14. The Dictionary of Animal Languages by Heidi Sopinka (September 2018)

Soplinka

The Dictionary of Animal Languages is partly inspired by the life of artist Leonora Carrington, the English-born Mexican artist, surrealist painter, novelist, and founder of the Women’s Liberation Movement in Mexico. Sopinka spent several days with Carrington when she was 92, and these interviews form the basis of her 92-year-old fictional narrator, Ivory Frame. Yet, “Sopinka’s story never trips over into the world of fanciful whimsy that so many of the tales about Carrington inspire. Indeed, the young Ivory is a much more reserved person than her real-life inspiration. Or perhaps the stories that abound do Carrington a disservice.”

Read if you’re into: badass ladies. Get it here.

15. The Golden State by Lydia Kiseling (September 2018)

Kiseling

As The New Yorker review of The Golden State begins: “For a literary form with such mythic power, the road novel has proved to be a somewhat inflexible genre. Road-trip stories hit all the sweet spots of American delusion: the search for self-determination, sublime landscapes, loosened inhibitions, random encounters with danger and pleasure.” Yet as the review goes on to detail, Kiesling’s debut novel, The Golden State, is a fresh take on the road novel. It’s about a mom, Daphne, setting out on a road trip with her toddler. As The New Yorker points out, “The result is less an untroubled analogy between the landscapes of motherhood and the American West than an invitation to think more deeply about how limited our canonical literary imaginings of each have been.”

Read if you’re into: books about motherhood, the American West, road trip books. Get it here.

16. The Library Book by Susan Orlean (October 2018)

Orlean

You may know Susan Orlean from The New Yorker, or her books Rin Tin Tin, The Orchid Thief, and Adaptation (the movie about her/her book starring Meryl Streep!). This fall, she’s coming out with an investigative look into the 1986 Los Angeles Public Library fire, which destroyed and/or damaged over a million books. Orlean combines her “life-long love of books and reading” with “the fascinating history of libraries and the sometimes-eccentric characters who run them” and the story of that fateful day in L.A.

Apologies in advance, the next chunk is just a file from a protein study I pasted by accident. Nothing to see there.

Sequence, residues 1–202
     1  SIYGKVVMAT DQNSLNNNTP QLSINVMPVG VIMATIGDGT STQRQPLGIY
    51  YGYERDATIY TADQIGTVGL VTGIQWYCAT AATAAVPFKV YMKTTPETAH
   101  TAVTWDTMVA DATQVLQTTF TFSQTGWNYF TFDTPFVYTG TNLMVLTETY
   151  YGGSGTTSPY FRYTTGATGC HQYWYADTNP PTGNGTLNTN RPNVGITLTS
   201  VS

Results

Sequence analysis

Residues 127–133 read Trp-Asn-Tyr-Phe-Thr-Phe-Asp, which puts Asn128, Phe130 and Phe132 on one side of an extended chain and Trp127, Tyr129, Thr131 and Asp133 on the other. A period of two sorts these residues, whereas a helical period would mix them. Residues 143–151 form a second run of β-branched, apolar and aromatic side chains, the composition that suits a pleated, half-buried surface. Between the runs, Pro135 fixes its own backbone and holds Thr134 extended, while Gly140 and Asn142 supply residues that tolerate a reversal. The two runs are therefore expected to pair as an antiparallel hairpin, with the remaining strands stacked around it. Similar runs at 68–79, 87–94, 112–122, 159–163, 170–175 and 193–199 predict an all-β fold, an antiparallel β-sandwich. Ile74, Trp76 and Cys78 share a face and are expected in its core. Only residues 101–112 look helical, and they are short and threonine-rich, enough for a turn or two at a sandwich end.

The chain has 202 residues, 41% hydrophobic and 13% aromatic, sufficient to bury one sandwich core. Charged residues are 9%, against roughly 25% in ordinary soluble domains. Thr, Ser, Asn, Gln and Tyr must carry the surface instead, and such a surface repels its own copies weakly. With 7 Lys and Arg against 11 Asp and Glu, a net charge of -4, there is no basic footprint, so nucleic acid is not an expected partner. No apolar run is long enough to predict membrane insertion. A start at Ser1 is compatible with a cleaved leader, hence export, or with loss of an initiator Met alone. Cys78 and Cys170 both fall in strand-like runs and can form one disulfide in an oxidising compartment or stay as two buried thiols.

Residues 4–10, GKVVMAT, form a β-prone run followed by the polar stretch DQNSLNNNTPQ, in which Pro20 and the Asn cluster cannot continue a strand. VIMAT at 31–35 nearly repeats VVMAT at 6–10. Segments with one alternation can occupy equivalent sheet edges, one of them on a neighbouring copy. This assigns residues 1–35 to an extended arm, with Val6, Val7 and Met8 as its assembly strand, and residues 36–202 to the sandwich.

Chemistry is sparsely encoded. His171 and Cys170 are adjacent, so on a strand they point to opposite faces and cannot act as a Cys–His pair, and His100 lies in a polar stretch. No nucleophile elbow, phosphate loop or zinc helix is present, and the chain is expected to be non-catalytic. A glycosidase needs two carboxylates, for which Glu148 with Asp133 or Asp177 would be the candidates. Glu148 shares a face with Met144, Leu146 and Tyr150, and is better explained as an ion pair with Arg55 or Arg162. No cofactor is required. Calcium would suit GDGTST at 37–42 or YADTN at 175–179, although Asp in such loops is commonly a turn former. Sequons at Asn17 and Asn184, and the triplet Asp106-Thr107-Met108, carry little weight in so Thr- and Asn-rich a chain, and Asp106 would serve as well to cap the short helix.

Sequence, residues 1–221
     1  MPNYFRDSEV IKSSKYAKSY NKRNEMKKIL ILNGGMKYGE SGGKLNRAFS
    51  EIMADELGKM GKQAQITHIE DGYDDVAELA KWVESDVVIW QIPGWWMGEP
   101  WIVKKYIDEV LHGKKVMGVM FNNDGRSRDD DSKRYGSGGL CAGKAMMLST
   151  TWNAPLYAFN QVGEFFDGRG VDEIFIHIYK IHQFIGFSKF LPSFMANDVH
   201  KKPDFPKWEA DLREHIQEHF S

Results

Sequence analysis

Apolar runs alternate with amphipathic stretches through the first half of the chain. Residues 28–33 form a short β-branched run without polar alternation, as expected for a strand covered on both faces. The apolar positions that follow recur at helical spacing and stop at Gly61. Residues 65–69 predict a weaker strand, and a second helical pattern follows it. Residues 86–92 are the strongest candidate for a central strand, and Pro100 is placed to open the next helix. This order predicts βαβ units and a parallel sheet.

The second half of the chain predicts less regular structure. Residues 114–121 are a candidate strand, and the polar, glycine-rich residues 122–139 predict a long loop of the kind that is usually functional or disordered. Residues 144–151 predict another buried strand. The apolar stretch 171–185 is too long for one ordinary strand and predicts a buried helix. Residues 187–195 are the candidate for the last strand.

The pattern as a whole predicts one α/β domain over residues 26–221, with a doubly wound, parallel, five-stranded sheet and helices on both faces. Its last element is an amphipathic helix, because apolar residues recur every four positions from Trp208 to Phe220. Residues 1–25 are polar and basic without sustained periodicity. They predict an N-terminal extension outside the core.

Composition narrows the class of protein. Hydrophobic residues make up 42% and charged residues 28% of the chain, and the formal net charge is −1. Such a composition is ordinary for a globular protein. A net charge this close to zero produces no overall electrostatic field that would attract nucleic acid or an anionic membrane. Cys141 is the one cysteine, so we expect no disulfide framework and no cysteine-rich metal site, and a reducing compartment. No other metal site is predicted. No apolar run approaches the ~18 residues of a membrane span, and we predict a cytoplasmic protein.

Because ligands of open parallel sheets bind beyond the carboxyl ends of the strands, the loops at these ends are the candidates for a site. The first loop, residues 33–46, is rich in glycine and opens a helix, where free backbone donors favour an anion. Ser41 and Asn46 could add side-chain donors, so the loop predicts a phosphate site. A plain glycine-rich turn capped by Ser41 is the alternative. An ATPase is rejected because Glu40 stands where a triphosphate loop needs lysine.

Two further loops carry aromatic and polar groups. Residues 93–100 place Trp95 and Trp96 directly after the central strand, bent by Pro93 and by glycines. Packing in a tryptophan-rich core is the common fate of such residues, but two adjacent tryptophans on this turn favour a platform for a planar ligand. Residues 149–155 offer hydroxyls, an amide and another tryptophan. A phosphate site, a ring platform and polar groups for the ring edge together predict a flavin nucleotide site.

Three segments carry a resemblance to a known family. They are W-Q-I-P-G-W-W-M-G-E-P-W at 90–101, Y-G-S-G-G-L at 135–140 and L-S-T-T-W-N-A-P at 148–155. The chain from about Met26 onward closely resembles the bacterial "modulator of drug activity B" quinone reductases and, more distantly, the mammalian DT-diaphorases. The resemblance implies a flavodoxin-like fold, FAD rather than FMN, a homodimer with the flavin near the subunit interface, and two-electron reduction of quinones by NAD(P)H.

Read if you’re into: investigative journalism and libraries. Get it here.

17. Melmoth by Sarah Perry (October 2018)

Sarah Perry

Sarah Perry’s first novel, The Essex Serpent, was set in Victorian England and featured a winged serpent said to haunt a village. But what I loved about it was that it was so much more than just a monster story — it was a feminist tale about a woman reclaiming her life after the death of an abusive husband. Melmoth, the follow-up, similarly focuses on a strong woman and a monster. Only this time, it’s set in the present day.

The monster, Perry explains, is purposefully female: “All my life, I’d wanted to write a great monster – my Frankenstein or Dracula – but I wanted mine to be a woman. I remember feeling really incensed [as a child] that there wasn’t a titular female villain.”

Perry, who has Graves disease, an autoimmune condition, said, “I genuinely don’t really remember writing the book” because of the painkillers and hospital visits. Yet — out of this nightmare came Melmoth, which Perry hopes will “distress people.” Is it possible to be scared and excited for a book?

Read if you’re into: mythical creatures, fairy tales, mysteries, and gothic horror. Get it here.

18. All You Can Ever Know by Nicole Chung

Nicole Chung

I love Nicole Chung’s twitter feed (@nicole_soojung) — as do 47,000 other people. They’re there, as am I, for her writing. So her memoir, about growing up adopted in a white family in Oregon, is very anticipated. As she wrote in 2016, “I never read any books by and about adopted people when I was growing up. And yet so many of the adoptees I know today are natural storytellers. I sometimes wonder if this is because we never had a choice: We have been explaining our lives, our families, and our histories for as long as we can remember.”

Read if you’re into: memoirs, family stories, and exploring identity. Get it here.

Are you still with us? A bonus recommendation (even though it’s a male author, we’ll allow it):

The Flame by Leonard Cohen (October 2018)

Leonard Cohen

The final work from Leonard Cohen, this book is a collection of poems, drawings, lyrics, and his notebooks.

Read if you’re in— ah, let’s stop there. Everyone’s into Leonard Cohen. Get it here.

Disclosure: This post contains Amazon affiliate links, which means we may receive a commission if you click a link and purchase something. While clicking these links won’t cost you any extra money, they will help us keep this site up and running. Thanks!

Emily Burack

Emily Burack is an editorial assistant at Alma.